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Wolfe vs. Montcalm

The Total Strategy

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Home | 7 Years War | Strategy | Marquis vs. James | Outcome and Bibliography

Quebec was settled then just north of the St. Lawrence River and west of the St. Charles River. General Wolfe had his men settled in between the St. Charles River and Montmorency River. So that he they were camped across the river from the French. Quebec was very fortified and its banks protected by many ships for defense against attacks.

   As shown in the map, Britain tried to enclose the French with batteries on the closest land across the St. Lawrence. The French had held off British attacks for a while, but the British stepped up their game and took it to the French with decisive battles along the River that connects Canada and New York. With every victory, the British pushed the French more north, until they were at their limit which was Quebec.

Although it seems that the British just tried to force their way through, they had a plan to cut off Britain from all of their resources. The British actually enclosed themselves onto the French. Most of the significant battles didn't occur near Quebec. The battle at the Fort Dequesne was actually at modern-day Pittsburg. The battle at the Fort Louisburg was in Nova Scotia. It is really all about brains in this battle of Wolfe vs. Montcalm. The British victory at Fort Frontenac cut supply lines to Fort Duquesne causing Duquesne to be captured by the British soon after. The capture of Fort Louisburg was next on the list and the last straw. This cut Montcalm's communication with the rest of Canada. The British simply had the French in a headlock and was preparing to finish them off in Quebec.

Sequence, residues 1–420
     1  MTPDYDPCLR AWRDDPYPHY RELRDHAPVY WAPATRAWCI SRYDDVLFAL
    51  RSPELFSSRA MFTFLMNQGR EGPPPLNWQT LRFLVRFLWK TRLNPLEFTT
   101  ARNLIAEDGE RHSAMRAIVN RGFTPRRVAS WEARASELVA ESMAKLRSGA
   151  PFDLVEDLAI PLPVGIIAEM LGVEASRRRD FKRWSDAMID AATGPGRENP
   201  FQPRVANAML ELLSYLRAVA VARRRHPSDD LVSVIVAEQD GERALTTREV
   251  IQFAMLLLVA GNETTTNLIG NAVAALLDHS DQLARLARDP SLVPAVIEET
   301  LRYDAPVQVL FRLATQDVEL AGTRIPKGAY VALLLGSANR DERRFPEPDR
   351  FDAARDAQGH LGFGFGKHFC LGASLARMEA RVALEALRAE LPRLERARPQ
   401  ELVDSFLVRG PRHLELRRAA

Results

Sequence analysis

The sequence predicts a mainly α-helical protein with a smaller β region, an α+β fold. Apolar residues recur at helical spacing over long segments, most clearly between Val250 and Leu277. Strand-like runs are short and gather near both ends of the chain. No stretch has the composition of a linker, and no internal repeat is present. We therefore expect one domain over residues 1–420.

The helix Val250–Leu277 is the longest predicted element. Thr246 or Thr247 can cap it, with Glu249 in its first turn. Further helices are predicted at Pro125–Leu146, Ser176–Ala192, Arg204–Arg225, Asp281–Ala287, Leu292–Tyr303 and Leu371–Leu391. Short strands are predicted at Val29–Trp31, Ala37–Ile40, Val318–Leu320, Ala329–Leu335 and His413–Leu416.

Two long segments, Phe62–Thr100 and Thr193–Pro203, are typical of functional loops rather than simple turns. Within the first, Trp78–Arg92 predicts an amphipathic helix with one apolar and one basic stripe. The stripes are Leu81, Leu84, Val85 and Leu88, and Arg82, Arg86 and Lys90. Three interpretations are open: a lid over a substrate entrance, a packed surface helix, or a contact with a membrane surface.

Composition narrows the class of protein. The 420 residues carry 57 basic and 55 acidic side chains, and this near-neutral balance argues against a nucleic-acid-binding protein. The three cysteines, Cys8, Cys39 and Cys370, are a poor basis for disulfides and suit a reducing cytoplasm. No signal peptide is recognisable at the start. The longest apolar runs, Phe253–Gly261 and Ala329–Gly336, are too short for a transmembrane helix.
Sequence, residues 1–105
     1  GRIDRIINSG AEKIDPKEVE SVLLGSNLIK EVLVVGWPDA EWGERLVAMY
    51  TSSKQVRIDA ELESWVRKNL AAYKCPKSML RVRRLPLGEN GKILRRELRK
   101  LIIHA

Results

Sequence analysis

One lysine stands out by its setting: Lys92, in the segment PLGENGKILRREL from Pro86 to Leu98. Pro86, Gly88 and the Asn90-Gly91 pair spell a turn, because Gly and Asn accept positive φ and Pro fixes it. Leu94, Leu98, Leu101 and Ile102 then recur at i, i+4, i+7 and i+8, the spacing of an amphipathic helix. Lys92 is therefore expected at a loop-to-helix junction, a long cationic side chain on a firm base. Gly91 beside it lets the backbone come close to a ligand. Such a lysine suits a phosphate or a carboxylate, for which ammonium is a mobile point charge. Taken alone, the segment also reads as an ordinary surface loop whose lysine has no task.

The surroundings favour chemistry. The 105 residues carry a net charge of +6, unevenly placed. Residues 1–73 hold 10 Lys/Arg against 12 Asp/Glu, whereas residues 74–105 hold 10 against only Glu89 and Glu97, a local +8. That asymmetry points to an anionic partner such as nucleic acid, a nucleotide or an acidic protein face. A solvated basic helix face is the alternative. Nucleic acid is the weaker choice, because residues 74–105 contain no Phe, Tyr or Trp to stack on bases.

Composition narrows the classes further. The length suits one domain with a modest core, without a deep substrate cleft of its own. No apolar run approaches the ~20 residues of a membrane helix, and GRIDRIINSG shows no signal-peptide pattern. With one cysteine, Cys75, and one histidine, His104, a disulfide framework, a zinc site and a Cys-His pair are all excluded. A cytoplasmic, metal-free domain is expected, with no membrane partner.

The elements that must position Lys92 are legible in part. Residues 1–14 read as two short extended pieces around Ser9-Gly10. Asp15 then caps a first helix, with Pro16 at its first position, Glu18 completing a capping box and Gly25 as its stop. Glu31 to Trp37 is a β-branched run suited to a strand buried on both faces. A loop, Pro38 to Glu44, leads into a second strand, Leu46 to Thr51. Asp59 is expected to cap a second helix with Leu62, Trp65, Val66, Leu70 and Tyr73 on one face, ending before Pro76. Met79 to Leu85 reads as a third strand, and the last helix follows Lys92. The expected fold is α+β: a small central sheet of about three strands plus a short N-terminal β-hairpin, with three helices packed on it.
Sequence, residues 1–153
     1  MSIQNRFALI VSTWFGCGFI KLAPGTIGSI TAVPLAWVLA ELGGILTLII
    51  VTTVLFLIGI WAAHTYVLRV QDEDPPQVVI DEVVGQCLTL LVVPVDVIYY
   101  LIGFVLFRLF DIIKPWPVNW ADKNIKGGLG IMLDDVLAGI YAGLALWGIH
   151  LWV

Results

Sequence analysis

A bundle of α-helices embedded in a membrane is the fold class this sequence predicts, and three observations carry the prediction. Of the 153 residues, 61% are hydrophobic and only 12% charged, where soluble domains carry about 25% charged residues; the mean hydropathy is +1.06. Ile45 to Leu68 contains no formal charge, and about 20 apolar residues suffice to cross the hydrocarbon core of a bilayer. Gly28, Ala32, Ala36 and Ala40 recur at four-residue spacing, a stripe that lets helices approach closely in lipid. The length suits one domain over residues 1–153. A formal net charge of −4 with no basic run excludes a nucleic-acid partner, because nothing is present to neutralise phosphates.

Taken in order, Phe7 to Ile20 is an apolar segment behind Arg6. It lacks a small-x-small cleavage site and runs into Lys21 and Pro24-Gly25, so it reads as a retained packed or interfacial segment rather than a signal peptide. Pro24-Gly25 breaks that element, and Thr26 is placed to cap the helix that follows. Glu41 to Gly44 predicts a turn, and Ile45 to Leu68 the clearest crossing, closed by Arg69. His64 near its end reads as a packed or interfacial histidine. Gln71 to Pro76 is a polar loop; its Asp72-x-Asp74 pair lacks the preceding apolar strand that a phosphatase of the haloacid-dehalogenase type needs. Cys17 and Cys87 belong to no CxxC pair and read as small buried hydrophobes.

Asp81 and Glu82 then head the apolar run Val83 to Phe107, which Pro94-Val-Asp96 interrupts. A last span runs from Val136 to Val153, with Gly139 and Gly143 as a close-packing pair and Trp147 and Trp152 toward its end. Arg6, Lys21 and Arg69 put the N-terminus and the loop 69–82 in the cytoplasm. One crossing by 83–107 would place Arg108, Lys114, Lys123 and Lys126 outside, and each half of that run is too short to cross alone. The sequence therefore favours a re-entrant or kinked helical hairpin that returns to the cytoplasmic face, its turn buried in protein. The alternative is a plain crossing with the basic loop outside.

Wolfe had Charles Saunders and a crew sailing up and down the St. Lawrence River, looking for a place to land, but the French had fortified its land very well. However, Wolfe chose to land right below a cliff on which Quebec sat. Although it was somewhat guarded with cannons, it wasn't a place Montcalm had expected them to land. Wolfe got 5140 of his men on top of that cliff onto the Plains of Abraham. Montcalm had roughly 13500 men ready to fight that were in Quebec city. He even was advised not to be drawn out into battle but was not thinking strategically. He took only 6500 of his men into battle and just started shoooting away. They did have a good hit that evintually killed general Wolfe, but they had lost and were forced to retreat to Quebec City. Montcalm's second in command Bougainville was outnumbered by the British and retreated to the Jaques Cartier River. The garrison in Quebec then surrendered to the British.

Quebec just above the St. Lawrence River

Death of James Wolfe

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